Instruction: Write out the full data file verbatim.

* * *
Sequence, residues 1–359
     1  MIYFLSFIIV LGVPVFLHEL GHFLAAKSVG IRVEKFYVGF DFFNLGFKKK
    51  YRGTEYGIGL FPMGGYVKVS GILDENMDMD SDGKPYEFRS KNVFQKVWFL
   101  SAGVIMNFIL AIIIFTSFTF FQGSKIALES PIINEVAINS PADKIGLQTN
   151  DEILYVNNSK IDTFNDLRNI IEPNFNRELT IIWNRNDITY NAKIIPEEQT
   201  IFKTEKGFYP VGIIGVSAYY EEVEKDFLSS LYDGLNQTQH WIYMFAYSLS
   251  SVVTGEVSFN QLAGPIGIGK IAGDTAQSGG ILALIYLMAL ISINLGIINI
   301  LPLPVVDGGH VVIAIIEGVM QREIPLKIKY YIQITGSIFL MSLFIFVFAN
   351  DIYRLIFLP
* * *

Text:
Sequence, residues 1–359
     1  MIYFLSFIIV LGVPVFLHEL GHFLAAKSVG IRVEKFYVGF DFFNLGFKKK
    51  YRGTEYGIGL FPMGGYVKVS GILDENMDMD SDGKPYEFRS KNVFQKVWFL
   101  SAGVIMNFIL AIIIFTSFTF FQGSKIALES PIINEVAINS PADKIGLQTN
   151  DEILYVNNSK IDTFNDLRNI IEPNFNRELT IIWNRNDITY NAKIIPEEQT
   201  IFKTEKGFYP VGIIGVSAYY EEVEKDFLSS LYDGLNQTQH WIYMFAYSLS
   251  SVVTGEVSFN QLAGPIGIGK IAGDTAQSGG ILALIYLMAL ISINLGIINI
   301  LPLPVVDGGH VVIAIIEGVM QREIPLKIKY YIQITGSIFL MSLFIFVFAN
   351  DIYRLIFLP